Another very useful site is the Norfolk Records Office. A searchable index of their catalogues is available online and contains a wealth of information including wills, deeds, court records, settlement & removal orders and much more. Useful for fleshing out the background on individuals and filling in gaps in the earlier centuries. If desired, copies of the relevant documents can be ordered online. FreeBMD contains transcriptions of civil birth, marriage & death records (from 1837 on). Useful for finding death and marriage details (tho' it only gives the registration district). Using FreeBMD to track births is somewhat limited since no relationship details are given, ie: the index gives the date, registration district and the name of the baby but does not give any details on the parents.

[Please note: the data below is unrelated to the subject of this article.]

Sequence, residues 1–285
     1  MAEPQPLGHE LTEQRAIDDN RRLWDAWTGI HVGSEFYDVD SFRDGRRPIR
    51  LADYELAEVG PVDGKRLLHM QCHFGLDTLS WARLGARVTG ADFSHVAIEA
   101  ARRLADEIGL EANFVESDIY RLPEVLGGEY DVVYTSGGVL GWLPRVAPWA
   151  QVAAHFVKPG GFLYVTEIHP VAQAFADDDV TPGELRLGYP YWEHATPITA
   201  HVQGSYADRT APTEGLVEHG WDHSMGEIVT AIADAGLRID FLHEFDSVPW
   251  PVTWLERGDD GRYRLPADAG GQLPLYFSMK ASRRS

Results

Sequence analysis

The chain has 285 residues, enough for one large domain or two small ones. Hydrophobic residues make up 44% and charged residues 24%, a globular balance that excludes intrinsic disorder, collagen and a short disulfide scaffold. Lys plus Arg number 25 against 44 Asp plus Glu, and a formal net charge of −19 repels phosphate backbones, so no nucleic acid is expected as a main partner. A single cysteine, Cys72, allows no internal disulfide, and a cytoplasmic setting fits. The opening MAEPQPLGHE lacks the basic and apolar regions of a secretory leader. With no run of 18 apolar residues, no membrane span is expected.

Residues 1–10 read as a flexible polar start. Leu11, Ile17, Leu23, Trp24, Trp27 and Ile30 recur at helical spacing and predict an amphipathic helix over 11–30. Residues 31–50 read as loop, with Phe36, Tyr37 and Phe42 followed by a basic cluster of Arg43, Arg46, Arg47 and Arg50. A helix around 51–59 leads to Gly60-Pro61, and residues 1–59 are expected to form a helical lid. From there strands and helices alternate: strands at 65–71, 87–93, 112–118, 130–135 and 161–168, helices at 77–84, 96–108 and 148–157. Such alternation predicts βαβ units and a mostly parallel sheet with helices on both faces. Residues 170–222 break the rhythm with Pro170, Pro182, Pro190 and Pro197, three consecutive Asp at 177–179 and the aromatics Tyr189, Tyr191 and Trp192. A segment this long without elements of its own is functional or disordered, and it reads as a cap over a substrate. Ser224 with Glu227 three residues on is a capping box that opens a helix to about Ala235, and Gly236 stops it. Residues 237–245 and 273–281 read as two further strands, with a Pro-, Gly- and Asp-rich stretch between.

There are of course many other sources available. You can search the Roots-Web mailing list archives (which date back to the 1990's) using keywords (eg: a surname and parish or county). The information available is limited only by what others have submitted to the mail lists in the past and can include family trees and extracts from primary records. The Norfolk Transcription Archive was established in 2001 and whilst it is no longer being added to (as of early 2009), the site contains around 1/2 million records including Parish Register, Bishop & Archdeacon Transcripts, Census Returns, musters, polls, taxes & so forth. The site has a surname search index. Coverage is somewhat sporadic and most of the register transcriptions are also included in FreePR. A final source that cannot be understated is Google (or your favourite search engine), the trick being to carefully chose the search parameters.